What about those who obtain Part A, but delay going onto to Medicare Part B after turning 65?

The right to guarantee-issue starts with their Part B effective date and ends six months later, which is referred to as “Open Enrollment.” For all others, the plans are medically underwritten.

HMO Forms of Medigap Insurance

The HMO forms of supplemental coverage are different since they typically require no premiums. This is because they accept Medicare assignment from the government in exchange for a monthly monetary government-paid allotment. HMOs require consumers to sacrifice freedom in choosing doctors, since they must receive all benefits only through their plan approved and discounted contracted providers, but in return they generally offer enhanced benefits.

Some of the various state Blue Cross and Blue Shield private insurance plans offer their own versions of the standardized Medicare supplement plans, and are referred to in law as “Medicare C plans” and now go by the name “Medicare Advantage plans” (“MA” Plans). These plans require consumers to use specific doctors and hospitals. A carrier must meet the standards of any Medicare standardized plan, but may exceed it to customize their own offerings; hence, the name “Advantage” plans. As of January 2006 there are PPO offerings in these plan types which will provide greater doctor choice, flexibility and convenience in using such plans, as well as a new High Deductible Plan F & J, and two new lower priced high deductible plans K & L (SEE BELOW – these come with higher out of pocket co-insurance cost sharing).

Medicare Parts A & B Overview – Benefits & Costs:



Medicare Part A Deductible

$1,068 (days 1-60 for days of a hospital stay)

Medicare Part B Deductible


Medicare Part A
Monthly Premium
40 or more quarters of eligible Medicare covered employment


30-39 Quarters


1-29 Quarters


Medicare Part B
Monthly Premium


Part A Coinsurance for Hospital (Days 61-90)


Lifetime Reserve Coinsurance
(Days 91-150)


Skilled Nursing Facility Coinsurance (SNF)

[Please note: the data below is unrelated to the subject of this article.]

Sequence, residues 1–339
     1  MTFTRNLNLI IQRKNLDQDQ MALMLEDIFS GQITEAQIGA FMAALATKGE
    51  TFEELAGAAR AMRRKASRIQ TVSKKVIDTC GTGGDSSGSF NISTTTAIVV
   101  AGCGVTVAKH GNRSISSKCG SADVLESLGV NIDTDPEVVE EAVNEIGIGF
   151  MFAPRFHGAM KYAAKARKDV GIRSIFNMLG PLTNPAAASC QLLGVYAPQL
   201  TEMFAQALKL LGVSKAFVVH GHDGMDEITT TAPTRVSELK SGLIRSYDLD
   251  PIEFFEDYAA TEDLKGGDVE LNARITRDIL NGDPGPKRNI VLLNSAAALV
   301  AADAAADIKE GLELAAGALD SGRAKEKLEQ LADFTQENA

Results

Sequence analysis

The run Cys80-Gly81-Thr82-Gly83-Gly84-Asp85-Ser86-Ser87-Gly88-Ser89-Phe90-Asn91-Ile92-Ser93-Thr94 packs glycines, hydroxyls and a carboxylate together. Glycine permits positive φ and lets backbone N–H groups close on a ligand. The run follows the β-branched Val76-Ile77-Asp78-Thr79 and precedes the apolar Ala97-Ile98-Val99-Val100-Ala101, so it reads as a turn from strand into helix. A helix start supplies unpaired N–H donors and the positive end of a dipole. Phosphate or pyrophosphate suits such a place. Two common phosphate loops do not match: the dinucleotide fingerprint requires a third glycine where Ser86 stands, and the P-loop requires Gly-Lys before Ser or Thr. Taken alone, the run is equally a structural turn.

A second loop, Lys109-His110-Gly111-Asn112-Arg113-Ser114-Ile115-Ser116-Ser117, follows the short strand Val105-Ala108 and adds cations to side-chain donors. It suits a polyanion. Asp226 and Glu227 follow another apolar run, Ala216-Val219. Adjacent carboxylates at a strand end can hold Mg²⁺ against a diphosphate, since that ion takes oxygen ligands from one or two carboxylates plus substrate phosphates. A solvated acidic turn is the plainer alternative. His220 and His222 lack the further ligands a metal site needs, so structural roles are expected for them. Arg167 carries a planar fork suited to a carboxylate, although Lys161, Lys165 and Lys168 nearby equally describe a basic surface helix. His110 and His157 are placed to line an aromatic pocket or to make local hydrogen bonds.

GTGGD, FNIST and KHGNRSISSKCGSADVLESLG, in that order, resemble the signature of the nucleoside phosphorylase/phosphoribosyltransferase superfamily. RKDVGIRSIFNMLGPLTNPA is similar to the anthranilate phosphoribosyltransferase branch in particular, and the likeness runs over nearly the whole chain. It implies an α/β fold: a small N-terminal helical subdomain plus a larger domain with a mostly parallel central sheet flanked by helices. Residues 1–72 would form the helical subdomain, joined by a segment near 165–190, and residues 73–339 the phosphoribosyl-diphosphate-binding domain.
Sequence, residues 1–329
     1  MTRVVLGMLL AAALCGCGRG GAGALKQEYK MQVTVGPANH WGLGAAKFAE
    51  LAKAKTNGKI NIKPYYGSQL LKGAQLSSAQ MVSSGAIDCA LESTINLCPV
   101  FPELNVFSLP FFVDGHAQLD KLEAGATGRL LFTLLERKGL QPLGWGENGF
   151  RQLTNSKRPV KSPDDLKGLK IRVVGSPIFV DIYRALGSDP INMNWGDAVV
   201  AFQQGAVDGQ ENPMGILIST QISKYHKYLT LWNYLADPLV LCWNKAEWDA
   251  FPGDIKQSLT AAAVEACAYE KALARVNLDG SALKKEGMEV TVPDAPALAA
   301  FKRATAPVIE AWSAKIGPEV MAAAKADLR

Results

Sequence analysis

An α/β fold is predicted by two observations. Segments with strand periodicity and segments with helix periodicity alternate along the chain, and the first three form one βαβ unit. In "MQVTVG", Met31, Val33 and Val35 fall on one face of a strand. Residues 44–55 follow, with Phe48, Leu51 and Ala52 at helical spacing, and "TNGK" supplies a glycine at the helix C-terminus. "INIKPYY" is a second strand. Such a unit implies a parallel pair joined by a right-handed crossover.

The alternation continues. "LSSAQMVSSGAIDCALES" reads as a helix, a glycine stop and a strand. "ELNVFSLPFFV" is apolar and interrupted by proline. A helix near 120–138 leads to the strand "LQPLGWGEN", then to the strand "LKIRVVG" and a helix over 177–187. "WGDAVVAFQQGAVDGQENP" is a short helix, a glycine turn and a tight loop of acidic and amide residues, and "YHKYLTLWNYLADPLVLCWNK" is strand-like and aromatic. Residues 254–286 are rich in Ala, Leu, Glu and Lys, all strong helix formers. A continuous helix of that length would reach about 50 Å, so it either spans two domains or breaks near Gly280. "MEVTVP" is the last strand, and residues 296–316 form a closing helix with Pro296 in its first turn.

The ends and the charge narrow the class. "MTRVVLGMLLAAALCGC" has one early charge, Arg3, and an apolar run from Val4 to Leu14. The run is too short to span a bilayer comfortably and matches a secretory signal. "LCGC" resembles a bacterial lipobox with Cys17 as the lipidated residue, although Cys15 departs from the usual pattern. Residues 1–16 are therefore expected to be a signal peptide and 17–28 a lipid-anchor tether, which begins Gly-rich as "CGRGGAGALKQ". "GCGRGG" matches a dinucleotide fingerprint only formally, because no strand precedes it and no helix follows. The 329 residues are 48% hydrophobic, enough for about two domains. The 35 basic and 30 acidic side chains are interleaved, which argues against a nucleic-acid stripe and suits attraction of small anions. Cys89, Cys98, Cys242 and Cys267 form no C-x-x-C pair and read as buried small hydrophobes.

(Days 21-100)


Max Amount of High Deductible for
Plans F & J


Plan K
Out of Pocket Limitation


Plan L
Out of Pocket Limitation




[*Premiums and deductibles are indexed annually. The 2009 Social Security tax rate (FICA) is 7.65 percent; the self-employed tax rate is 15.30 percent; and the taxable wage base for 2009 is: $106,800].

STANDARDIZED MediGap Insurance PLANS (A-J, and the High Deductible F and K & L Plans):

Standardized Plans / Benefits A B C D E F** G H I J** K* L*
Part A – Basic Benefits X X X X X X X X X X 100% 100%
Part B – Basic Benefits X X X X X X X X X X 50% 75%
Skilled Nursing Facility Coinsurance     X X X X X X X X 50% 75%
Part A Deductible   X X   X X X X X X 50% 75%
Part B Deductible     X     X       X    
Excess Doctor Charges           100% 80%   100% 100%    
Foreign Travel Emergency     X X X X X X X X    
At-Home Recovery       X     X   X X    
Preventive Care         X         X    
Out-of-Pocket Annual Limit (2009)**                     $4,620 $2,310

[**Plans F and J also have an option called a high deductible Plan F and a high deductible Plan J. These high deductible plans pay the same benefits as Plans F and J after one has paid the higher calendar year deductible noted above. Benefits from high deductible Plans F and J will not begin until out-of-pocket expenses exceed the calendar year deductible noted above. Out-of-pocket expenses for this deductible are expenses that would ordinarily be paid by the policy. These expenses include the Medicare deductibles for Part A and Part B but do not include the separate foreign travel emergency deductible in Plans F and J. *Plans K and L provide for different cost-sharing (50% for Plan K, 75% for Plan L) for items and services than Plans A-J. Once you reach the “Out of Pocket Annual Limit” cited in the chart above for the respective year noted, the K & L Plans pay 100% of the Medicare co-payments, coinsurance, and deductibles for the rest of the calendar year. The out-of-pocket annual limit does NOT include the charges from your provider that exceed Medicare-approved amounts, called “excess charges”. You will be responsible for paying excess charges. The Out of Pocket Annual Limit is inflation adjusted annually].